How I wrote ‘Are You Gonna Be My Girl’ by Jet’s Nic Cester

11 March, 2019 in Interviews, Songwriting Magazine Winter 2018

How I wrote 'Are You Gonna Be My Girl'

How I wrote ‘Are You Gonna Be My Girl’ in Songwriting Magazine Winter 2018: “I’m not going to pretend to cough!”

The Australian singer-songwriter and frontman reveals how the single that launched the band’s stellar career was written on the toilet


Hailing from Melbourne, Australia, the rock band Jet found international popularity during the early 2000s. Fronted by Nic Cester with his brother Chris on drums, Cameron Muncey on guitar and Mark Wilson on bass, the foursome self-released 2002’s Dirty Sweet EP before signing a deal with Elektra and releasing their debut album, Get Born, in 2003. Launched by the worldwide radio play of its lead single Are You Gonna Be My Girl, the album went on to sell over three million copies and earned six ARIA (Australian Record Industry Association) awards.

With Jet reuniting to tour in celebration of 15 years since the release of Get Born, we took the opportunity to hear how their breakthrough hit took shape.


Are You Gonna Be My Girl single cover

Released: 25 August 2003
Artist: Jet
Label: Elektra
Songwriter(s): Nic Cester, Cameron Muncey
Producer: Dave Sardy
UK chart position: 16
US chart position: 29

“We were young, and that’s the first thing that struck me when I’ve been revisiting all the stuff lately. With songs like Are You Gonna Be My Girl and Look What You’ve Done, I was between the ages of 17 and 19. Obviously, I didn’t know too much beyond the small town I was living in at the time, and the little things that were happening in my life, like my parents’ divorce and trying, unsuccessfully, to shag as many girls as possible!

“I used to live in a bungalow at the back of my parents’ house. It was only two rooms – a bedroom and a small bathroom – so I would sit in the bathroom and the only seat I had was the toilet! I’d put the lid down, obviously, and just sit there with my guitar and write stuff. And I remember the first, early version of Are You Gonna Be My Girl came out there.

“I was listening to a lot The Who and I noticed the stop-start nature of My Generation. I know we were heavily criticised for the Lust For Life comparison, but that was never, ever on my radar – it was more Motown, like You Can’t Hurry Love, or even [The Jam’s] Town Called Malice. That was where my head was at. It’s just that Motown groove that’s been used a thousand times, in a lot of other songs. I guess the end result, if you play that riff in a guitar band, is that it’s going to come out the other side. In fact, at the same time, there was a Strokes song that was very similar.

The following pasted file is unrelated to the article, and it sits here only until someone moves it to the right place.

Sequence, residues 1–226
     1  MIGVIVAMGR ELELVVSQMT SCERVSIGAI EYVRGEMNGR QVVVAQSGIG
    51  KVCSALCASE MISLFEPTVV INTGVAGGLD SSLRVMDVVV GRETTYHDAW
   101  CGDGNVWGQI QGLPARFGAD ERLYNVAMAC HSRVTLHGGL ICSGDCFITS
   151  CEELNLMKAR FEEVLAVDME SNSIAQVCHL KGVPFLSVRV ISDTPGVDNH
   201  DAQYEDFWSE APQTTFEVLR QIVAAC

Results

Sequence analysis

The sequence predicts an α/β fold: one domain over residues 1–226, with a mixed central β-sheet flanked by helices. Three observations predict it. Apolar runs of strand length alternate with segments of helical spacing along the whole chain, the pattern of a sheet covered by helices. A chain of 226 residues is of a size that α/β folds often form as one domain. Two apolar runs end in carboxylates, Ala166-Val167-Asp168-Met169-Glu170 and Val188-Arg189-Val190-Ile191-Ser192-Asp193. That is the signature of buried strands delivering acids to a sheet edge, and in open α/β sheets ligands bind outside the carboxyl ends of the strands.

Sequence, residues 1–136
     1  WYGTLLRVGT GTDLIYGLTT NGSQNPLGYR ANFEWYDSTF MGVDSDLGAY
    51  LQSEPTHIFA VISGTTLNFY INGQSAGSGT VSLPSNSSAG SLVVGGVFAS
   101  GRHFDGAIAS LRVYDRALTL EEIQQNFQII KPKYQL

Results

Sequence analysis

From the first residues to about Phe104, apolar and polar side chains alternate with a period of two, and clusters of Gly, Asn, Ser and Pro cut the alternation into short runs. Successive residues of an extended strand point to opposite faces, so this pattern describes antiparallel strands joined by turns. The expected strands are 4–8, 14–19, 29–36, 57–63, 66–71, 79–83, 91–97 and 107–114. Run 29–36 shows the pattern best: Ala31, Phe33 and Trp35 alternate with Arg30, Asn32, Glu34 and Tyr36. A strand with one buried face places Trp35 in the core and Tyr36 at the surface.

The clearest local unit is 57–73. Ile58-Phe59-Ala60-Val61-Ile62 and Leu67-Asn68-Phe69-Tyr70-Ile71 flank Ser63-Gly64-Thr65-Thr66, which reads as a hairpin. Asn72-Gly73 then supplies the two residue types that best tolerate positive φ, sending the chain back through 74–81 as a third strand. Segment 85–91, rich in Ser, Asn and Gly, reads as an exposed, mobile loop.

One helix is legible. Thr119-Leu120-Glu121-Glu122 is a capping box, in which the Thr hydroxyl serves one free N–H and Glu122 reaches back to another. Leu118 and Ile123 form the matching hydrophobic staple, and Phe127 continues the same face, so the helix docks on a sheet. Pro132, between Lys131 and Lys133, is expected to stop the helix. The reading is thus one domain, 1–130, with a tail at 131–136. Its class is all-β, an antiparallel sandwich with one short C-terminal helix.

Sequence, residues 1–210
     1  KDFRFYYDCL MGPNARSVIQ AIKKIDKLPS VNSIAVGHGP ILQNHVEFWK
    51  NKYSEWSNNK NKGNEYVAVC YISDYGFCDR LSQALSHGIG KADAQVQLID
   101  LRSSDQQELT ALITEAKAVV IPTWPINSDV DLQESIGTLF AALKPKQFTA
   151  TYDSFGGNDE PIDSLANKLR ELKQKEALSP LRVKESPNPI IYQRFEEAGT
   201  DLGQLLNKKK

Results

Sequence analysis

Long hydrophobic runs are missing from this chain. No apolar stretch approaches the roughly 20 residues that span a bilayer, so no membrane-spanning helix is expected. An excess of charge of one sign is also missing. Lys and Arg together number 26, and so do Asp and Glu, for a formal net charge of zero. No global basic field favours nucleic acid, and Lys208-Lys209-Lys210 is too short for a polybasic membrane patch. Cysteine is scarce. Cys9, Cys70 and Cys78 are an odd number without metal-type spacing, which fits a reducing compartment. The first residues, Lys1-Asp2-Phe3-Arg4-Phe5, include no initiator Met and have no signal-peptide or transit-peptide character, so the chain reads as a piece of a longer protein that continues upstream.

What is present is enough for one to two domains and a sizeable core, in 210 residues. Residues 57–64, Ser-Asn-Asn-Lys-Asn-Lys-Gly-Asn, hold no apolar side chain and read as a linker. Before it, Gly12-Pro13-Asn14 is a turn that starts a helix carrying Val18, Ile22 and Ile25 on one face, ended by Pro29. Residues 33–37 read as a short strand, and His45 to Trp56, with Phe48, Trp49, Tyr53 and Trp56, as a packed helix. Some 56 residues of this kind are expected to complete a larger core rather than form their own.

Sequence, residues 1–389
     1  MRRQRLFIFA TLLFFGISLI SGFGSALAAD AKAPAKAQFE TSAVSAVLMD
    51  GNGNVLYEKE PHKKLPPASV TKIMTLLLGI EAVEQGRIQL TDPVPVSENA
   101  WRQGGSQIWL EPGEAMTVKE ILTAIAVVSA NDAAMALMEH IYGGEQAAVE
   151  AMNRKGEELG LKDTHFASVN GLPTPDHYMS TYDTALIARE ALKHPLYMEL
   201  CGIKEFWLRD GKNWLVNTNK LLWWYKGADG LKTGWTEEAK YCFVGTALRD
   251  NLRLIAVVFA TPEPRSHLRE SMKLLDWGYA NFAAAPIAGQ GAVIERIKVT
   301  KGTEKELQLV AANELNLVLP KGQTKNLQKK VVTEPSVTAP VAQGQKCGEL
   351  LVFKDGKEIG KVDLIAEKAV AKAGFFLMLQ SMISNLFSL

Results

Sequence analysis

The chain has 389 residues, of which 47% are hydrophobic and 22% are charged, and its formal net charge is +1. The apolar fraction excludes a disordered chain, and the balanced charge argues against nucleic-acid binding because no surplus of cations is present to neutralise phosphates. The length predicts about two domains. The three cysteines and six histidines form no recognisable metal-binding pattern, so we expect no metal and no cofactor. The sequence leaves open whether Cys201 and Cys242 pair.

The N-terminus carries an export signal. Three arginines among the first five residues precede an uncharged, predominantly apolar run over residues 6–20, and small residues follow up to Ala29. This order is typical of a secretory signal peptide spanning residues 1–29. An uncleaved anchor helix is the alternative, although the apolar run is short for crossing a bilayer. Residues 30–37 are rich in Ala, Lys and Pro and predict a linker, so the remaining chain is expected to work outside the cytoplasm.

“I was fascinated by singers like Mick Jagger and Van Morrison who are able ‘speak’ words out and choosing words based on diction rather than actual poetry. I knew, with the song, I was on to something. I presented it to the band and we ended up playing it at a concert before I even had words, and I would make stuff up. It was crazy but I knew it was more about the diction, so I could kind of get away with faking it a little bit.

“The original [title] lyric was ‘She’s just like every other girl,’ because I was frustrated about a girl I really liked. It was just about my annoyance at my feeble attempts at going out to try and pull a girl, and going home, unsuccessful. So I was bitter and Chris and Cam picked up on that and were like, ‘Dude, that’s so negative. Why don’t you make it more positive, like “Are you gonna be my girl?”’

“The cough at the beginning was purely accidental. It was on the very first demo that I did and then when we recorded it with Dave Sardy in LA, we played it to our managers for the first time and they were like, ‘What happened to the cough?’ I said, ‘Of course, it’s not there. What are you talking about?’ and they said, ‘No, no, no guys, you have to put that back in.’ So we actually cut out the cough from my demo, because I said, ‘I’m not going to pretend to cough!’ and they said, ‘Just use the original one.’”

Read more ‘How I wrote’ features like this, along with artist interviews, news, tips, reviews and gear in Songwriting Magazine Winter 2018 > >

Interview: Aaron Slater



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